By Camille Aubin

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British Columbia received a serious wake-up call from Mother Nature this year.

As heavy rains pounded southern B.C. on Monday, Nov. 15, entire cities and towns were forced to evacuate, major highways were washed out, and many communities became separated from the rest of the province because of mudslides and debris flows. Parts of the region have seen as much as 252 millimetres of rain in just two days, leading the province to declare a state of emergency.

A few months ago, Canadians suffered under extreme conditions during the early summer heat dome that killed more than 600 people and the ensuing wildfires. 

These increasingly frequent and severe weather events are further ringing of the alarm bells sounded by the United Nations (UN) Intergovernmental Panel on Climate Change back in August 2021, which stated that unless actions are taken to restrict global warming to 1.5 degrees Celsius, Canada could see more extreme weather events and disruption its food supply as an outcome of climate change.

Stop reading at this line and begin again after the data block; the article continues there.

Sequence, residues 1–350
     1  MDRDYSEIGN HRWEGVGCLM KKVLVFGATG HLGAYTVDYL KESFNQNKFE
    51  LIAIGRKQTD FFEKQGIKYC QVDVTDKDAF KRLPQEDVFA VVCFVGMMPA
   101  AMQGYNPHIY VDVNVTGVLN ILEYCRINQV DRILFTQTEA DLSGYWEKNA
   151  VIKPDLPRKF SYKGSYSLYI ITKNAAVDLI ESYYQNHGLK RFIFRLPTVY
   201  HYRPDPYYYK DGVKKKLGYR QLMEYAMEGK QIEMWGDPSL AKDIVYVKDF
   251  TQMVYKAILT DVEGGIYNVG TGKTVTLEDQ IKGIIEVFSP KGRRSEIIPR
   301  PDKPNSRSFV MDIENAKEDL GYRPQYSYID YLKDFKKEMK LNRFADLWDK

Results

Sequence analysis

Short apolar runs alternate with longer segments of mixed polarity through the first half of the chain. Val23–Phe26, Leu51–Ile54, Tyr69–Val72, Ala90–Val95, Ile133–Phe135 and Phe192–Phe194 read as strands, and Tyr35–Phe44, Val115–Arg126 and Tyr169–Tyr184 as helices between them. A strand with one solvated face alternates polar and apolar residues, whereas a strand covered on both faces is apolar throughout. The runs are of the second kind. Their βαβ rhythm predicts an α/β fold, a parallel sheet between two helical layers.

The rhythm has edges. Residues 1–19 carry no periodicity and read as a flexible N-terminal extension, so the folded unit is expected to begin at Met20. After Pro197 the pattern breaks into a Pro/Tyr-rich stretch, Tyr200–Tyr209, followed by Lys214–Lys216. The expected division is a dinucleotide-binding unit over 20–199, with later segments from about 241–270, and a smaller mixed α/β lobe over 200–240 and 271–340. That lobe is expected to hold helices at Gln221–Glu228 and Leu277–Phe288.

Extreme weather events have shocked us more than once. And again, with the recent extreme rain, we have seen that our cities are still not adapting to this new reality. A new report from the University of Waterloo highlights that Canadian cities’ grade on flood preparedness is still rated at C+ in 2020 as it was back in 2015 according to eight criteria – including flood risk assessment, land use planning and public health and safety, to list a few.

Another challenge that comes with these events is how people react to them. Many grocery stores were found emptied following catastrophic flooding reminiscent of the early days of the COVID-19 pandemic. Yet, the shortages are as much down to panic buying as disrupted supply chains. The province appealed to customers to avoid hoarding (see story on p. 3 about the food supply situation in Invermere).

But there’s another side to the story: During a natural disaster like the heavy rains of last week, social media makes us spectators to acts of kindness. Countless stories were shared many times, such as the one of a woman who ran out of diapers but eventually got some from a good samaritan, or people offering a place to stay for the night, or sharing food, water and blankets from car to car on the highways while stuck for hours.

So while our political leaders may not take action (at least not enough), and our cities level of adaptation preparedness will not change (at least not quickly), our neighbours, friends and our community will always stand together, ready to help and share when the time of need is there.